On Reality Asserts Itself, Mr. Pollin says a global 1.5% of GDP per year investment in energy efficiency is the first step towards achieving necessary targets – but the fossil fuel industry is against it


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PAUL JAY, SENIOR EDITOR, TRNN: Welcome back to The Real News Network and Reality Asserts Itself. We’re continuing our series on how to get to a green economy, with Bob Pollin. And if you haven’t watched part one, you should, ’cause it will help you set up for this one. Thanks for joining us again, Bob. POLLIN: Thank you. JAY: So, one more time, Bob is a codirector and distinguished professor of economics at the Political Economy Research Institute at the University of Massachusetts Amherst. He’s recently done a big study called Global Green Growth, a forthcoming report with the United Nations Industrial Development Organization, and it’s all about what we’re talking about. Thanks. ROBERT POLLIN, CODIRECTOR, PERI: And I have the U.S.-based Green Growth, done with the Center for American Progress. JAY: Right. POLLIN: Just thought I’d mention that. JAY: Both reports. Right. POLLIN: Yes. JAY: Okay. So in this one we’re going to talk about–we left the last one off that there’s a need for a green economy. And I think, I guess, everybody kind of knows that, or most people do, anyway. And Bob has done some specific modeling about how to get there. And if I understand correctly, it’s about 1.5 percent of global GDP– POLLIN: Every year. JAY: –every year, invested in renewable and alternative energy and retrofitting and mitigating. And that’s about $1 trillion globally, about $200 billion American. POLLIN: Right, roughly. JAY: Give or take. POLLIN: Yeah. Mhm. JAY: Okay. So what is a viable alternative, and what is a realistic path to stabilization? POLLIN: Well, you just said it. My program is extremely simple: one and a half percent of GDP per year investing, number one, in energy efficiency. By far the cheapest, easiest way to reduce emissions is investing in energy efficiency. JAY: So what is that? POLLIN: Energy efficiency means that the buildings that we operate, that we live in, and that we work in are not going to waste a lot of energy. JAY: Okay. And I forgot to say in your biography–and I’ve got to do this every time, because we’ve got to be transparent here. Bob has a company called PEAR, which works on selling energy efficiency consulting and this sort of thing. POLLIN: Yes, and renewable–. JAY: Renewables. POLLIN: Yes. JAY: Okay. Go ahead. POLLIN: So–. JAY: What is that? What is energy efficiency? POLLIN: Buildings can all be–new buildings that are constructed should all be net zero. We can operate buildings such that if you insulate them decently and you design them well, use natural shading and lighting to the maximum extent, and utilize solar panels if possible, geothermal energy–sometimes it may be viable to have a wind turbine in a neighborhood–there’s no need for any fossil fuels. I’m telling you now, at the University of Massachusetts in Amherst, Mass., which is a cold place, not particularly sunny, we’re putting up–as part of my institute, we’re putting up a net zero building now. In Germany, by 2050 the rule, the law is that every new building is going to be net zero. JAY: So the point here is right now, if a building isn’t efficient, alternative energy isn’t enough to do the energy required by that building. But if you do all the things you’re talking about, alternative energy would be enough. POLLIN: Absolutely. Now, in terms of policy, the U.S. federal government in 2007 under President George W. Bush signed the Energy Independence and Security Act, which mandates that 75 percent of all federal government buildings would have to achieve a 30 percent reduction in their energy consumption, raise energy efficiency by 30 percent, as of 2015, which is in two weeks. JAY: Wonderful. And how many–what percent? POLLIN: Zero point two percent of the buildings have done this. And they’re–. JAY: So 75 percent, and 0.2 have actually been done. POLLIN: Yeah. Now, keep in mind–. JAY: That’s a law. POLLIN: Keep in mind that it’s fully documented by the government itself. Even what’s been done so far is saving taxpayers hundreds of millions of dollars a year. JAY: The 0.2. POLLIN: So why aren’t we implementing this law that obviously had a consensus with the Republicans and the Democrats? JAY: So why? POLLIN: I don’t know why. Inertia that–yes, you have to put up–there are upfront costs. But as soon as you make the upfront costs in energy efficiency, you start saving immediately. JAY: Well, we’re back to the power of the fossil fuel industry. I mean, they’re going to sell less energy to government. POLLIN: They are. And I can’t tell you what’s going on inside in Washington as to why this law isn’t being implemented, but that would be the single best achievement in terms of building a green economy would be to simply implement that law and then, talking about state and local governments, to do the exact same thing, make all of their buildings energy-efficient. JAY: And you’re saying in the long-term the energy savings–. POLLIN: Not even the long term. Three years. In three years–. JAY: It pays for itself in three years. POLLIN: Yes, in three years it pays for–I mean, not every single building, but on average they pay for themselves in three years. And this is true globally. I mean, McKinsey, the consulting firm–hardly Greenpeace here–McKinsey says that this is the single most important thing that should be done in developing countries in order to save on energy costs. JAY: Well, this is–I mean, it’s kind of scandalous. One, there’s a law and a law that’s not getting implemented. So somebody’s–so why hasn’t anybody sued the government for not following their own law? POLLIN: I can’t tell you that. I don’t know why. JAY: And it seems a no-brainer that if it pays for–I mean, why aren’t more private companies doing this if it pays for itself in three years? POLLIN: Okay. So that is the big question. If it’s so wonderful, you know, if there’s $50 bills lying on the street, why aren’t people picking them up? That’s the way the economist [incompr.] Well, there are upfront costs, of course. You have to put up money. You have to invest in efficiency. JAY: I mean, for private companies, I can understand that might be an issue. For government, that really isn’t such a big issue, given the Fed can just say, go do it. POLLIN: The Fed can–. JAY: Give it back in three years. POLLIN: There is a budget, obviously, and that then–and when we’re fighting over budgetary issues, then this one gets shunted aside. Now, it is true, though, that the Federal Reserve has the power to just lend the–. The Federal Reserve could lend the money to municipalities, municipalities could set up their own agencies, and they could make these retrofitting investments within their communities, and it would be a big source of job creation. JAY: And they could pay the Fed back based on the energy savings. POLLIN: That’s right, which is also another program that is more or less in place, which enables people to borrow money to retrofit for their own residences and pay it back through their utility bills. These are the kinds of things that can be done in the area of efficiency in the U.S. and globally. I mean, in India, for example, 30 percent of energy consumption is used for residential cooking, and the methods are extremely inefficient. So just, like, put out cheap, efficient cooking equipment. That would save low-income people lots of money. It would also be a dramatic source of emission reduction. JAY: Well, do you–I don’t know if you’ve looked at this, but is there evidence that the fossil fuel industry is actively opposing such things? I mean, I know they generally do lots of PR against the whole idea that there is such a thing as climate change. We know they fight on certain legislative issues. But on retrofitting, which seems like, even if you don’t believe in climate change, just for the energy saving, one would think one would do it even if you don’t believe in science. But do we have evidence that’s–like, what’s blocking this? It’s such a no-brainer. POLLIN: Well, I mean, again, okay, so people–look, I could do it, and as you said, I have my own business, and we try to convince people to do retrofits. And there are government incentives that we try to help people get all the incentives that would support their investment in retrofits. Why don’t they do it anyway? Well, number one, it’s still–it’s disruptive. You know, you have to have–workers come to the building. You have to schedule it. Something could go wrong. So there are risks. I’m telling you on average it’s a payback in three years. But your particular client might be the one where you don’t get the payback in three years. So we have to overcome these things. JAY: But if you’re government at all the levels, one, the upfront money is not the same. If you know it’s coming back, it’s not hard to get the money to do it. POLLIN: On average, of course it’s coming back. Yeah. JAY: Yeah, so it’s not that hard to find money when you know it’s coming back for a government. Number two, all this retrofitting is a whack of new jobs. So, one, you would think, from a government point of view–I mean, I personally would think it’d be better to do it through a public sector, but even if you do it through private sector, this massive campaign to retrofit is all kinds of new jobs, and it doesn’t need–. POLLIN: Construction jobs, which has been flat on its back. Yeah. JAY: And not massive new–I mean, you can train people, but it’s not like it’s–you have to go get a science degree to learn how to be part of a retrofitting crew. So, again, what’s the blockage? We get back to politics again, of course. POLLIN: Well, as I said, there are these issues. Now, is it because oil companies don’t want people to retrofit their buildings? I mean, logically one could think that. I don’t know that they’re doing it. JAY: I know the power company here, BGE, where we are in Baltimore, if you can prove you’re taking less electricity off the grid, their subsidies–which I don’t know for sure. I’m assuming these are passed through some kind of federal money. POLLIN: There are subsidies, but they’re not enough. They’re limited, as we were talking about in the first segment. For example, in a lot of states, if you have a solar panel system in a building and you have excess electricity generated, can you sell it back to the grid? In a lot of states you can’t sell it back to the grid. In some cases you can, but the price at which you sell it back is very low. So what you really need is very simple. You need to be able to sell back to the grid at a market price so that people can make the money back from having made the investment. Again, I know this very specifically myself from having been involved in solar installation projects. The degree of subsidy and the regulatory arrangements in any given situation are decisive as to whether it’s worth it for me as a businessperson to proceed. So, yes, the regulatory environment, the subsidies, are not nearly adequate as long as we recognize that we’ve got to get to something like $200 billion a year. Right now we’re at about $50 billion–if you add up everything, about $50 billion a year in investments on clean energy. JAY: Private and public. POLLIN: Combining private and public. So we need to–. JAY: Do we know the breakdown, the private-public split of that? POLLIN: No, but that’s roughly where we’re at. And I would say that what we need to do is roughly 75 percent should probably be private, 25 percent public. JAY: Well, not if you’re doing this massive government retrofit. POLLIN: If you start there. No, of course. No, that–. And, by the way, if you do that, that would be a leading edge. That would advertise it. It would create new companies that are ready to do it inexpensively. JAY: And it’s also something that can be done at a city and state level. You don’t have to wait for a federalized–federal politics. POLLIN: No, every school. Why isn’t every school district doing this, every school district in the country? I myself talk to some–I’ve talked to some mayors in California about doing this. And we’re still talking. But meanwhile, if we take climate science seriously, something big has to start happening, not in 15 years, in one year, two years. JAY: Okay. In the next segment of our interview, we’re going to talk about what’s happening in other countries on this front and what can be learned from both positive and negative examples. Thanks for joining us. POLLIN: Thank you. JAY: So please join us for the continuation of our series with Bob Pollin on Reality Asserts Itself on The Real News Network.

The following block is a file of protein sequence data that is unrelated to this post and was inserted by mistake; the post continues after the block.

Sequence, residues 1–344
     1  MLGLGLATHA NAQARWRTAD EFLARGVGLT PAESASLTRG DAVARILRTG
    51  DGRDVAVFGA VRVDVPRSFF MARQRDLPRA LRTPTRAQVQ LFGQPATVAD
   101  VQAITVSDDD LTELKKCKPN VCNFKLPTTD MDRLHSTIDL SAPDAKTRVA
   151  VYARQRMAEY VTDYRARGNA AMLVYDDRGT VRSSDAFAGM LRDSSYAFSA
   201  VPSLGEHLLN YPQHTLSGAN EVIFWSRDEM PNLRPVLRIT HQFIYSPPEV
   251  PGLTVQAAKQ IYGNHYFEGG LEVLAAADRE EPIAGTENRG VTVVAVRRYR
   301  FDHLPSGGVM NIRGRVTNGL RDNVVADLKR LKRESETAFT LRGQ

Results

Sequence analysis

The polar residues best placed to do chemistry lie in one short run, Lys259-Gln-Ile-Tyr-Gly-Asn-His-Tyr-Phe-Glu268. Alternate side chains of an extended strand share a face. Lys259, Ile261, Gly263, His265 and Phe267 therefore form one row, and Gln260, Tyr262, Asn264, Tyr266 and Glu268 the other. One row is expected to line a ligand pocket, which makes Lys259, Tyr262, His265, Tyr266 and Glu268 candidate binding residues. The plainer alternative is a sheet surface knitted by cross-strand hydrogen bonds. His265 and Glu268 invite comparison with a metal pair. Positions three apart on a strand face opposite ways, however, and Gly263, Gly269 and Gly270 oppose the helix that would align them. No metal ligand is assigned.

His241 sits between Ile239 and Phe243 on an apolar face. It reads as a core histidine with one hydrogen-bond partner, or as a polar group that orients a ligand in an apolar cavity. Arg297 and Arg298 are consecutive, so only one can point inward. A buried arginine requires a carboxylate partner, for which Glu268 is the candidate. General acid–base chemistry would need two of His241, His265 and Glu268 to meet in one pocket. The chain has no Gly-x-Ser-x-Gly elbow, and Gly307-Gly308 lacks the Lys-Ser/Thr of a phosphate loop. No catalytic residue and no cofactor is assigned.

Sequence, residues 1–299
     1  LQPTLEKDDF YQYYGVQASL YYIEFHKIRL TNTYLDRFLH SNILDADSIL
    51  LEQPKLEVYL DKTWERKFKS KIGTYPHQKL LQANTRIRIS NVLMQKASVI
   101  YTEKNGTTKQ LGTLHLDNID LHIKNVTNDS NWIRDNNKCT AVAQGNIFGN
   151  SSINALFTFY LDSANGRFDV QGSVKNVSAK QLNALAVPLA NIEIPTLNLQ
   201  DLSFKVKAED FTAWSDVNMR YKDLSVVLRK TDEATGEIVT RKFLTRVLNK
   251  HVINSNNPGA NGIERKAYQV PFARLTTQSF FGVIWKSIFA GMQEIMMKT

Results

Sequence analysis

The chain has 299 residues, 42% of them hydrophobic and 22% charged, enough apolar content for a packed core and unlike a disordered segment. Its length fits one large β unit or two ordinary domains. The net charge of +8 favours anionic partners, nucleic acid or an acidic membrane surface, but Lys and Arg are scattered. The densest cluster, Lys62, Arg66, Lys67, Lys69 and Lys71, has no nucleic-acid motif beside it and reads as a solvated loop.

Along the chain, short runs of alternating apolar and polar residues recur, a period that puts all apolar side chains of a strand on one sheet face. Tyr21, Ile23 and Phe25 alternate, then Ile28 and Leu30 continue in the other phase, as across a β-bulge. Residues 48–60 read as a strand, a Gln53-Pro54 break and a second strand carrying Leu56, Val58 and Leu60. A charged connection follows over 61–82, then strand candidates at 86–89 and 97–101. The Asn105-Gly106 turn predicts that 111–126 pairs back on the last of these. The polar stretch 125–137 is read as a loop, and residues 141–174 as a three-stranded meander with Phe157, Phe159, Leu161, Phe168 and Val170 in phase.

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Robert Pollin

Robert Pollin is Professor of Economics at the University of Massachusetts in Amherst. He is the founding co-Director of the Political Economy Research Institute (PERI). His research centers on macroeconomics, conditions for low-wage workers in the US and globally, the analysis of financial markets, and the economics of building a clean-energy economy in the US. His latest book is Back to Full Employment. Other books include: A Measure of Fairness: the Economics of Living Wages and Minimum Wages in the United States, and Contours of Descent: US Economic Fractures and the Landscape of Global Austerity.